Community’s Active Engagement
An Open Letter from the Harvard Union of Clerical and Technical Workers
This Open Letter from HUCTW leaders is long, but we urge you to read it in its entirety, to learn about the issues under discussion and the sticking points in negotiations. The three policy areas in which HUCTW negotiators have encountered significant resistance from the University are the salary increase program, health care, and the bargaining unit.
HUCTW and Harvard have negotiated 23 annual increases for members of our Union since 1989. The current talks on a raise program for July 1, 2012, may be the most complicated and difficult to date.
- Harvard has maintained a clean balance sheet (no deficit spending) during every year of the financial crisis, from Fiscal Year 2008 through FY 2011.
- In the aggregate, Harvard schools and departments have abundant reserves, well in excess of accepted standards for sufficient “rainy day” funds.
- The endowment has regained much of the value it lost in 2008, enough so that endowment funds distributed to the schools for operations have increased significantly (by 4% and 5%) in the past two years.
- Bold plans have been announced for renovating the undergraduate residential houses and for restarting construction of a new Allston campus.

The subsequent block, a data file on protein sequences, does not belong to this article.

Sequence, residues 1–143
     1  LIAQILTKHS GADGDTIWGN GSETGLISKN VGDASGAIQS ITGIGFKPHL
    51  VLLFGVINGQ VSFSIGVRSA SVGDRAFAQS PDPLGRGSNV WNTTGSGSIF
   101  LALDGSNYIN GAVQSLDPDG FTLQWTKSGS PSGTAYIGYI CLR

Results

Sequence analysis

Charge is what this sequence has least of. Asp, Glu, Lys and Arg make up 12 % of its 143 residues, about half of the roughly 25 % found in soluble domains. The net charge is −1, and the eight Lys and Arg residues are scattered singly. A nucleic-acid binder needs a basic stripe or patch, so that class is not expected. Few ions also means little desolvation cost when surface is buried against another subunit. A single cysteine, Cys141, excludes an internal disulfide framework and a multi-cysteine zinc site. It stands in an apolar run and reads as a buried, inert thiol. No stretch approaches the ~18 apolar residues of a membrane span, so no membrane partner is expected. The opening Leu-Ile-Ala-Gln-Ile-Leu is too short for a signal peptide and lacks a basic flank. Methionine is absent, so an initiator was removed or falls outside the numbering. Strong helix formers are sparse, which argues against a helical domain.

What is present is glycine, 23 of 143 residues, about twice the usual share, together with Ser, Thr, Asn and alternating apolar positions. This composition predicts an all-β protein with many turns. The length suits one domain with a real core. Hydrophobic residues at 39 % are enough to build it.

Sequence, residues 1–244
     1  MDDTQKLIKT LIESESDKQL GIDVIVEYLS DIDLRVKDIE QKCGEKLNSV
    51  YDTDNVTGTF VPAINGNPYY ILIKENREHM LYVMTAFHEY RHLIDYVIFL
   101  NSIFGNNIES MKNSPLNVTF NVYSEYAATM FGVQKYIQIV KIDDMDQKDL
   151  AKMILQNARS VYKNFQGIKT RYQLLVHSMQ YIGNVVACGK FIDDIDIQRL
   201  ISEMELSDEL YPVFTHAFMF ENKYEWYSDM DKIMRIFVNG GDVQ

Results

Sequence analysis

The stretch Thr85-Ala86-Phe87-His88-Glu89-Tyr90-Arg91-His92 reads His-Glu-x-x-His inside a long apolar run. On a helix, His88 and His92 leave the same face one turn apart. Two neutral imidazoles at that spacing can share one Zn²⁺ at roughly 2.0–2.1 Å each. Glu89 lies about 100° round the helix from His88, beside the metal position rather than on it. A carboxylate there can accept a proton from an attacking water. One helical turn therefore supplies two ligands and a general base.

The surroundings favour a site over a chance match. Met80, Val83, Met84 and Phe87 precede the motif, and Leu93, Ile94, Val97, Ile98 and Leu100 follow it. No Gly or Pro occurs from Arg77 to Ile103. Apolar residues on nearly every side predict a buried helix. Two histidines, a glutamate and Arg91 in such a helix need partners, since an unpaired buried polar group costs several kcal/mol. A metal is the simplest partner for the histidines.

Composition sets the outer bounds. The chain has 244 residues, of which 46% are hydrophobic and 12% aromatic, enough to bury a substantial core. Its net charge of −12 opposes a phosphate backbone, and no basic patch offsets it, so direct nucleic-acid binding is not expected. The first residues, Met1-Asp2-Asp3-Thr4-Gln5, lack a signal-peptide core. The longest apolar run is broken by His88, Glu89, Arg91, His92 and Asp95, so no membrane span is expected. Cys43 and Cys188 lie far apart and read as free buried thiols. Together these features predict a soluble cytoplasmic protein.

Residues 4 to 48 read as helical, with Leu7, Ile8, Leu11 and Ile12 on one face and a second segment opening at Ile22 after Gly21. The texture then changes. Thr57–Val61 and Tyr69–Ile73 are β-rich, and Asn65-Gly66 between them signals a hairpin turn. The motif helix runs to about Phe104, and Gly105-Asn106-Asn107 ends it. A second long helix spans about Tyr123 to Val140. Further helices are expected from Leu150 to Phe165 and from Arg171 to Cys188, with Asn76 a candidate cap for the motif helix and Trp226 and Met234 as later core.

- Earlier this year, the University committed $30 million to EdX – a collaboration with MIT to offer courses online and free to the public.
- The number of staff jobs posted on ASPIRE (Harvard’s online job-posting system) has reached record high levels. At this writing, there are nearly 430 new positions advertised on ASPIRE.
- Although the officially announced salary program for non-union “exempt” staff provided for 2% raises last year, HUCTW analysis of data on average exempt salaries shows that, among those non-union staff, the average full-time salary grew by 3.1% last year. On top of that, exempt staff received an additional 1% in bonuses for last year. The average HUCTW full-time rate increased by 3.0% in the same period, with minimal bonus activity.
- Union leaders believe that Harvard’s plan to introduce new coinsurance for retirees with an “out-of-pocket” maximum of $1,000 per year is too great a cost for lower-income retirees.
- HUCTW negotiators are proposing changes in the formula for employee contributions to monthly health care premiums – changes that would be cost-neutral for the University. We support a more progressive plan in which the premium burden on lower-income employees could be eased by enacting a small increase in premium rates for Harvard’s highest paid employees.
- Union leaders are willing to agree to incremental increases in copayments for active employees, but we are insisting that they should be part of a balanced package that recognizes differences in income among members of our community.
- HUCTW is also presenting important proposals for collaborative educational efforts to reduce health care costs by supporting better health consumer decisions and expanding wellness programs.
HUCTW Executive Board and Organizing Staff
|Tasha Williams, President
Laura Ebenstein, Vice President
Pam Mullaney, Treasurer
Lynn Wang DeLacey, Secretary
Geraldine Barney, Observatory
Joslyn Evans, AAD
Frank Garcia, UFS
Andrea Kupski-Keane, FAS
Margaret Moore DeChicojay, GSD
Mike Piantigini, HMS
Siobhan Saint Surin, HSPH
Lesley Schoenfeld, HLS
Esther Simmons, HBS
Steve Sweeney, UIS
Emily Vides, FAS
Harvey Willson, HSDM
Kate Zirpolo Flynn, SEAS